Customer Service | Help | FAQ | PEP-Easy | Report a Data Error | About
:
Login
Tip: To see the German word that Freud used to refer to a concept…

PEP-Web Tip of the Day

Want to know the exact German word that Freud used to refer to a psychoanalytic concept? Move your mouse over a paragraph while reading The Standard Edition of the Complete Psychological Works of Sigmund Freud and a window will emerge displaying the text in its original German version.

For the complete list of tips, see PEP-Web Tips on the PEP-Web support page.

Brakel, L.A. (1996). Cognitive Science: Subliminal Perception of Pictures in the Right Hemisphere. Katharina Henke; Theodor Landis; Hans J. Markowitsch. Consciousness and Cognition. II, 1993. Pp. 225-236.. Psychoanal Q., 65:454-455.
Psychoanalytic Electronic Publishing: Cognitive Science: Subliminal Perception of Pictures in the Right Hemisphere. Katharina Henke; Theodor Landis; Hans J. Markowitsch. Consciousness and Cognition. II, 1993. Pp. 225-236.

(1996). Psychoanalytic Quarterly, 65:454-455

Cognitive Science: Subliminal Perception of Pictures in the Right Hemisphere. Katharina Henke; Theodor Landis; Hans J. Markowitsch. Consciousness and Cognition. II, 1993. Pp. 225-236.

Linda A. Wimer Brakel

Pictures of line-drawn animals and objects were subliminally presented to each visual hemi-field of an experimental group consisting of forty healthy subjects.

- 454 -

Sixty-three control subjects received blanks. Next, both groups were shown progressively less fragmented versions of the same line drawings. Whereas subjects and controls performed at the same level when both groups had been presented subliminal blanks, the experimental group was able to identify the pictures in a far more fragmented form if they had had prior exposure subliminally to the complete picture. But this was true only after subliminal presentation to the left visual field, the right hemisphere. The authors conclude that pictures presented below the threshold of awareness can be perceived and that only the right hemisphere can perceive and utilize such perceptions. They then raise the question: Is the left hemisphere unable to gain access to such nonconscious percepts, or does the right hemisphere dominate such subliminal perceptions?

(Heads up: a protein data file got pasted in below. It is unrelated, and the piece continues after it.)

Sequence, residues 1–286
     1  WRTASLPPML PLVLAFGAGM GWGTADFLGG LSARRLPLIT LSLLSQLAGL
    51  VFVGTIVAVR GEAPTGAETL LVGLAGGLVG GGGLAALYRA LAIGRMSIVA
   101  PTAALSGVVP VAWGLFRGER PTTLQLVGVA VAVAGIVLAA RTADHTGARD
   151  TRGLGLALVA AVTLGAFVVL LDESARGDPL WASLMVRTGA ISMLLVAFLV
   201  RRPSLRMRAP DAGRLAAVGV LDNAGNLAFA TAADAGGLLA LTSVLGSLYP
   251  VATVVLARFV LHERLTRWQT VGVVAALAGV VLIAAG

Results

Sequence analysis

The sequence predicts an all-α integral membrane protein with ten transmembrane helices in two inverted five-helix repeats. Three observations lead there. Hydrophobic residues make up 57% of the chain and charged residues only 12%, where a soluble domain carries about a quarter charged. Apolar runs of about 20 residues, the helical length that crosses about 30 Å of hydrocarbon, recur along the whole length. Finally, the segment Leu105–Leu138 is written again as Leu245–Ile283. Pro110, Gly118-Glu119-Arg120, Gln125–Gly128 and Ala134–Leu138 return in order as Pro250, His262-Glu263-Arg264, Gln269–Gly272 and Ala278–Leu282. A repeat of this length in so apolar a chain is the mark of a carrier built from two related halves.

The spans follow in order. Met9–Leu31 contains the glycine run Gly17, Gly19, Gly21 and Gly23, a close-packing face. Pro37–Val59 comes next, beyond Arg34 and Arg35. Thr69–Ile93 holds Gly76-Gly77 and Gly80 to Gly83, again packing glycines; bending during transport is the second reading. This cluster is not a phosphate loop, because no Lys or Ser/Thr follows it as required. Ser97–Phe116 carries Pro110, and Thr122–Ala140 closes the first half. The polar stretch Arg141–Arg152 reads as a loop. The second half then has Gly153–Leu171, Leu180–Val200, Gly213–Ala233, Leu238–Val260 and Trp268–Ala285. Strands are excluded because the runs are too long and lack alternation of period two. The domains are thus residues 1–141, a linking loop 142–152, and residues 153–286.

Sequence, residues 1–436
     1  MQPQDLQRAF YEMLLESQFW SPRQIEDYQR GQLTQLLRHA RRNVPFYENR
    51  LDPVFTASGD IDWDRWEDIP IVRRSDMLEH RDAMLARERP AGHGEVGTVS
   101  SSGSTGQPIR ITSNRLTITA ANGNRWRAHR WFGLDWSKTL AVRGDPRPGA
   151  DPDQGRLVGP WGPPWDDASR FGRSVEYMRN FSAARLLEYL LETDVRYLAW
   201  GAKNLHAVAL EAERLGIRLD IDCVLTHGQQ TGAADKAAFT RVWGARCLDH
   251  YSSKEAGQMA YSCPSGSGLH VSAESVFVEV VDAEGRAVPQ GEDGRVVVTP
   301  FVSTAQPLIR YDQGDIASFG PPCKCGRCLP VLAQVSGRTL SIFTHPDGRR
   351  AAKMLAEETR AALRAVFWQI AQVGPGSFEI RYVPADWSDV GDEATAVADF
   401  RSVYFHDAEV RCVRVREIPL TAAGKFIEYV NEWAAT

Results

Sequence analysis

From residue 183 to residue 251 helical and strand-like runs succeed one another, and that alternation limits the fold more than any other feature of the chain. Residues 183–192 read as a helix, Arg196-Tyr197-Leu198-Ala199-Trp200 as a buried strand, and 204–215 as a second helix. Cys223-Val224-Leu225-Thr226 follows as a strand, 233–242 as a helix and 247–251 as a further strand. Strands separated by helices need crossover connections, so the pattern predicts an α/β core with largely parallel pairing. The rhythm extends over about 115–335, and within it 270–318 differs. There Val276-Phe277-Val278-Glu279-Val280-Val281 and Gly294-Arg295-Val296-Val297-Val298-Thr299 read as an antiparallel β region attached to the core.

The experimenters might have avoided a serious flaw in the experiment as it stands now by adding one condition. Currently the test task itself—identifying pictures from fragments—is very possibly a right-hemisphere-dominated task. Suppose, though, in the test phase, another two groups of subjects after subliminal presentations of pictures (each group receiving the presentations to one of the hemi-fields), were provided with a different test task. Using the picture of a fish, for example, each of these groups would be asked, after subliminal picture presentation, to complete an ambiguous stem like “ish.” Would those with right hemisphere exposure complete the verbal fragment with “fish” rather than with the equally common “wish” or “dish” more or less frequently than the left hemisphere exposed group? And how would both groups compare with a control group subliminally exposed to blanks?

- 455 -

Article Citation

Brakel, L.A. (1996). Cognitive Science. Psychoanal. Q., 65:454-455

Copyright © 2019, Psychoanalytic Electronic Publishing, ISSN 2472-6982 Customer Service | Help | FAQ | Download PEP Bibliography | Report a Data Error | About

WARNING! This text is printed for personal use. It is copyright to the journal in which it originally appeared. It is illegal to redistribute it in any form.